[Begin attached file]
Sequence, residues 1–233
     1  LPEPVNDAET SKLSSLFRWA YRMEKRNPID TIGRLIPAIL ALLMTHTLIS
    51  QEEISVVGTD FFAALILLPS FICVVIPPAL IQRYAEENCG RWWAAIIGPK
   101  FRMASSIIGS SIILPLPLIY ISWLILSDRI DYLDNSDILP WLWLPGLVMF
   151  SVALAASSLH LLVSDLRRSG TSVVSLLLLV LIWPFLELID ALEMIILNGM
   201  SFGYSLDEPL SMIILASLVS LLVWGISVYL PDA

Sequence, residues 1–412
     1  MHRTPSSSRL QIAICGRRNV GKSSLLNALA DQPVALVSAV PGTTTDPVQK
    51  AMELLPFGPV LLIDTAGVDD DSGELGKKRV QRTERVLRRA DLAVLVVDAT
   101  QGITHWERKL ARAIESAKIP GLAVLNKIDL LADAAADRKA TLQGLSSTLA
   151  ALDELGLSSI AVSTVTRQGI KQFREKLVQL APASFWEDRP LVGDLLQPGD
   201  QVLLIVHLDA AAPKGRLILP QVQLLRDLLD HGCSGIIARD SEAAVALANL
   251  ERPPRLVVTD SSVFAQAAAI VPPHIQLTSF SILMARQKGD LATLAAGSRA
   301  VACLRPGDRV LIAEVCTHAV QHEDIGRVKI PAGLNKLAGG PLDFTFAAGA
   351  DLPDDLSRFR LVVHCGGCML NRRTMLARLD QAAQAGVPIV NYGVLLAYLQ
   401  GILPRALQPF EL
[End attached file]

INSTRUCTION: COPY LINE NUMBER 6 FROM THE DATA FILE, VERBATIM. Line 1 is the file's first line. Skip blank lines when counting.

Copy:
   201  SFGYSLDEPL SMIILASLVS LLVWGISVYL PDA